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A Dashing SHOW of Contraptionalia

Artist Jim Smith looks to the Future by looking to the Past

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Jim Smith's steampunk-inspired sculpture exhibition Inventors Left to Their Own Devices has already brought a touch of fancy to the foyer of the Museum of Science & History on the Southbank. Now the Jacksonville-based artist promises to kick the whimsy factor into overdrive with a special, family-friendly evening that will bring the world of steampunk to life.

Billed as Jim Smith's Improbable Sci-Show, it's an art reception and performance piece in one. It's held, appropriately, on Friday the 13th of April, hosted by Smith's longtime-albeit fictional-muse, Martha Doyle Jennings. He hints a time-traveler may visit the show.

Of course, you must suspend your disbelief for the duration. Like all steampunk creations, this is science-fiction, with an emphasis on fiction. You'll find just enough authentic historical detail to ground the action in the Victorian era but from there on out, all bets are off. The alternate reality of steampunk is an ultramodern world where anything is possible--and it's made possible by then-newly discovered 19th-century technology.

Forget computers. Steampunk is all about contraptions.

To prevent any confusion, all of Smith's steampunk works bear this disclaimer: "WARNING! This display, which combines the art of assemblage sculpture with the art of storytelling, contains alternative facts."

Likewise, the characters in Jim Smith's Improbable Sci-Show aren't real time-travelers, but actors bedecked with steampunk's signature goggles, gears, breeches and corsets.

Smith has been riding the steampunk wave since it was a humble swell. The literary genre label was coined in the 1980s to match the equally newfangled niche cyberpunk. Steampunk was so new at the time that Smith, a Connecticut native who paid his dues in New York before locating to Jacksonville in 1977, didn't even know what it was.

"I was just making sculptures," Smith recalls, "and friends and students started telling me I was doing steampunk."

Steampunk has become a subcultural force to be reckoned with over the ensuing years, outgrowing its literary roots and stretching its tentacles into everything from film to fashion. It's all the rage at comic conventions and cosplay events. Smith embraces the aesthetic but, even though his brand of steampunk shares much of the established iconography, it bends it in a different direction.

"Like bluegrass needs a banjo," explains Smith, "steampunk needs gears and brass and pulley systems. Those are some of the elements that make it instantly identifiable as steampunk. Where my work differs is in tone. Most steampunk is lighthearted or tongue-in-cheek. My sculptures aren't made to look fun. They're made to look old and possibly dangerous. And they're all attributed to real historical figures."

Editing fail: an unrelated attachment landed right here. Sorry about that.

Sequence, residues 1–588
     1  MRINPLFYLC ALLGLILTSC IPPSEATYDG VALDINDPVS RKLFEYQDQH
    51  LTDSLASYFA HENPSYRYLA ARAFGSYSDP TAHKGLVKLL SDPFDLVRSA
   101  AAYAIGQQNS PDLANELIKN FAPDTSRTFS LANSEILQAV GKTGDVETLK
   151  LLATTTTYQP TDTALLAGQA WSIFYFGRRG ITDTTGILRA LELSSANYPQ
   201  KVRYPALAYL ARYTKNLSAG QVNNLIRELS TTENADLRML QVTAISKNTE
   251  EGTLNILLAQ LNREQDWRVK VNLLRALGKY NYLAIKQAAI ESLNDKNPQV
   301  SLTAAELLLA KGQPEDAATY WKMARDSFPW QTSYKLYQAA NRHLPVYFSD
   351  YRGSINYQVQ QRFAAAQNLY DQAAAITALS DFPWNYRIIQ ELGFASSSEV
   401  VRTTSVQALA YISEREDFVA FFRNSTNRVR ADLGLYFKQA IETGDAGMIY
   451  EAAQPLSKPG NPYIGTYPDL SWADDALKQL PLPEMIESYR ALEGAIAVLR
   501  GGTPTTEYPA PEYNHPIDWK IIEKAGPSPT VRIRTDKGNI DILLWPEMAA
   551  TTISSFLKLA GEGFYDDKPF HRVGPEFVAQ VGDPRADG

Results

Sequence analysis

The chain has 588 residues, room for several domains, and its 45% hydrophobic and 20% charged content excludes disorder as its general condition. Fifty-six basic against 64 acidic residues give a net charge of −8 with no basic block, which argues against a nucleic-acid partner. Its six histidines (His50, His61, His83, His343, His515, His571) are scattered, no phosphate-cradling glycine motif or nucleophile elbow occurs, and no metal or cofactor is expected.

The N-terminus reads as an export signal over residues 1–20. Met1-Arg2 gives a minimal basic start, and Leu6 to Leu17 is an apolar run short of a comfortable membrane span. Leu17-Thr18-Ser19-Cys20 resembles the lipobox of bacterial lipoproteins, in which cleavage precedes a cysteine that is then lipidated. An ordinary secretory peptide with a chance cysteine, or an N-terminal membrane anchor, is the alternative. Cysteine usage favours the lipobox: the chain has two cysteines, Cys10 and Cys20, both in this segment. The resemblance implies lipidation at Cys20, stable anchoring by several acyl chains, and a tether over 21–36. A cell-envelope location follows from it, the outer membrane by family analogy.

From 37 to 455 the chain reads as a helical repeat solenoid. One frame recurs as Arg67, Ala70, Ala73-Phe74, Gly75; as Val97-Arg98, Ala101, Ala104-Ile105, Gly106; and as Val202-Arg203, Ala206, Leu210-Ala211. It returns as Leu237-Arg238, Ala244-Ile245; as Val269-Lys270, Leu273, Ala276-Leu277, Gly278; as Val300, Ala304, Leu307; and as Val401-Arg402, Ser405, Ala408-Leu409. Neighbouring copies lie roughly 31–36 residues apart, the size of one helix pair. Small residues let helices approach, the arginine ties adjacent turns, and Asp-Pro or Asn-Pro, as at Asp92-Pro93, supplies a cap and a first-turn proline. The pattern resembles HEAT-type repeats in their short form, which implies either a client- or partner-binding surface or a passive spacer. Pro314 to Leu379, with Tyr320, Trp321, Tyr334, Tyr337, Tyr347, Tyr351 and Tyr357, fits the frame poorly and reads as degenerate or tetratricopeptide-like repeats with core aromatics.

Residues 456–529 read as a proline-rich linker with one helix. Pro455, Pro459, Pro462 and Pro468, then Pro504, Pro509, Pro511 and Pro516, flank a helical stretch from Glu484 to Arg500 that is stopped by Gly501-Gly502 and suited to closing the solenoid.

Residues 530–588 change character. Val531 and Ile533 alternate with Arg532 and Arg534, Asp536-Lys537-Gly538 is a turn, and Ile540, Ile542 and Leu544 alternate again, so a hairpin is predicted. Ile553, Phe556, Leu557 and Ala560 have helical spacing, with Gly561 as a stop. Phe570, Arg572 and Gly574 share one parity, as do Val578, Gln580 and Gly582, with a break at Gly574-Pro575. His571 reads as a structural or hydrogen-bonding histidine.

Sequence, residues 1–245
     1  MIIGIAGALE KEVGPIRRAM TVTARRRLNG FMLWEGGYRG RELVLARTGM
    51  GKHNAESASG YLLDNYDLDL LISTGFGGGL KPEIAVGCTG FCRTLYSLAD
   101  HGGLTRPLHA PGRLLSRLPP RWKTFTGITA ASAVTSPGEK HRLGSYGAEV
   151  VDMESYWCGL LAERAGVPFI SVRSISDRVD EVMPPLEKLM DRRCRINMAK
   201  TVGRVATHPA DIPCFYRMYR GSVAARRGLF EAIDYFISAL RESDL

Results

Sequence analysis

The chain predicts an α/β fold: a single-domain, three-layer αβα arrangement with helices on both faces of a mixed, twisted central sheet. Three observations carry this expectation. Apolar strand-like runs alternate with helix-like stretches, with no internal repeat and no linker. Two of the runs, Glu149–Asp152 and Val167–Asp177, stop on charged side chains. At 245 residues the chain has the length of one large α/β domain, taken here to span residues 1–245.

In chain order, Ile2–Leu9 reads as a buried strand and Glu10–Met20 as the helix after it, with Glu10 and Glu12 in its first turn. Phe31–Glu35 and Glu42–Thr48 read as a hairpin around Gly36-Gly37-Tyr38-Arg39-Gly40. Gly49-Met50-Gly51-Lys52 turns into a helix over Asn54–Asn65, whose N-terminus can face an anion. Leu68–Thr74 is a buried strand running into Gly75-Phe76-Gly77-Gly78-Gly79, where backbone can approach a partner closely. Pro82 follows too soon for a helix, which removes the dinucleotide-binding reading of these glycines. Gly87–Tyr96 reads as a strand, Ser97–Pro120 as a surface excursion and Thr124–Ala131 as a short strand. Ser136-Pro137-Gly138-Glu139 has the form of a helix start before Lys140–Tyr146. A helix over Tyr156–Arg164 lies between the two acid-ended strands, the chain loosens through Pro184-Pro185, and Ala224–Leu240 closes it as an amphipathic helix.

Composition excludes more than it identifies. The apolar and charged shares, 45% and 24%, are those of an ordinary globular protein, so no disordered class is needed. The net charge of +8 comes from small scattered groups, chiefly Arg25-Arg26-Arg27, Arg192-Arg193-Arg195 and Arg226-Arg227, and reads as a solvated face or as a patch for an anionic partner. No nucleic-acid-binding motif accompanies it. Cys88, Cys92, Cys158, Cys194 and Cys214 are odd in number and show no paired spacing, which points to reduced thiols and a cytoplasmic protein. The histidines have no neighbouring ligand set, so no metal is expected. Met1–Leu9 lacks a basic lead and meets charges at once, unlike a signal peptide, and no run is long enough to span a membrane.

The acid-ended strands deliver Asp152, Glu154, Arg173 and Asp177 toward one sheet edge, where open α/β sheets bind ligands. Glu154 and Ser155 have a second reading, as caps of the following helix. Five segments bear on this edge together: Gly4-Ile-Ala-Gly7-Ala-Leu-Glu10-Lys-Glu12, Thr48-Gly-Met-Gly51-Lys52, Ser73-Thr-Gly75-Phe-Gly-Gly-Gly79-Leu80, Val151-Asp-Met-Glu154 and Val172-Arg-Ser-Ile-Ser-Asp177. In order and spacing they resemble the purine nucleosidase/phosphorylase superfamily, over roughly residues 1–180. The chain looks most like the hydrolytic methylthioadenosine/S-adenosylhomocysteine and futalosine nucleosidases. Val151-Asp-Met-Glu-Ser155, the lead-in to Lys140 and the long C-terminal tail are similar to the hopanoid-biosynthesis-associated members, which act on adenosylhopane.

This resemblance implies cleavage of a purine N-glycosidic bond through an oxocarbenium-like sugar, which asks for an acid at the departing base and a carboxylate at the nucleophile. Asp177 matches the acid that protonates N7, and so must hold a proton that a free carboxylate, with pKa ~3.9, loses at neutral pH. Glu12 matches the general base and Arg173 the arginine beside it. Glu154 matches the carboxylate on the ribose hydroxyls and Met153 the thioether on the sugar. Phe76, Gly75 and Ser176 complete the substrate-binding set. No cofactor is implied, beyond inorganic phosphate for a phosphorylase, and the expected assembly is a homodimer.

This gravitas probably has something to do with Smith's formative years in the no-nonsense 1970s New York City art world as well decades of experience as a professional instructor. He has been teaching art at The Bolles School since landing in Jacksonville some 40 years ago.

Yet there is a playful side to Smith's steampunk œuvre. By his own admission, he's drawn to the genre's theatrical side.

"If I had to do it over again," he says, "I might've been a magician. I want people to believe what they're seeing. I don't want to cheat or lie, but I want to make art that's credible enough that people are willing to follow the story even if they know it's just a story."

So Smith created his own mythology around his steampunk sculptures. According to his lore, Martha Doyle Jennings is the great-granddaughter of Sherlock Holmes creator Sir Arthur Conan Doyle. Smith met the heiress in France in 1987, just in time to salvage the contents of a long-forgotten Doyle family property on land that was soon to be seized for the Channel Tunnel project.

Inside the barn was a treasure trove of machines created by the 19th century's most celebrated storytellers. There's Edgar Allan Poe's Device to Treat Melancholia, which induces euphoria by delivering chemical-infused metal spheres into the sinus cavity. There's Jules Verne's Gravity Suspension Device, a brass-plated hodgepodge of knobs, tubes and reservoirs that appears to hold aloft a blue square in thin air. There's Mark Twain's Spirit World Auto-Writer, a literary Ouija Board of sorts. These and five other similar machines comprise the MOSH exhibition.

The fanciful origin story addresses a very practical problem for Smith. "I hate writing artist's statements," Smith says. "They make you sound either stupid or pompous. So rather than write an artist's statement, I wrote a steampunk story."

For all their fantastic trappings and elaborate backstories, however, these works continue Smith's earliest explorations into sculpture and assemblage art. "There's not much difference between my steampunk sculptures and my assemblages made in the '70s," he says. "I'm still putting objects together and making thematic connections between them. It's like syntax in poetry. If you can connect the right words in the right order, you can communicate something that transcends individual elements."

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The opening reception for Jim Smith's Improbable Sci-Show is 6:30-8 p.m. Friday, April 13 at MOSH, 1025 Museum Cir., themosh.org. The show runs through April.

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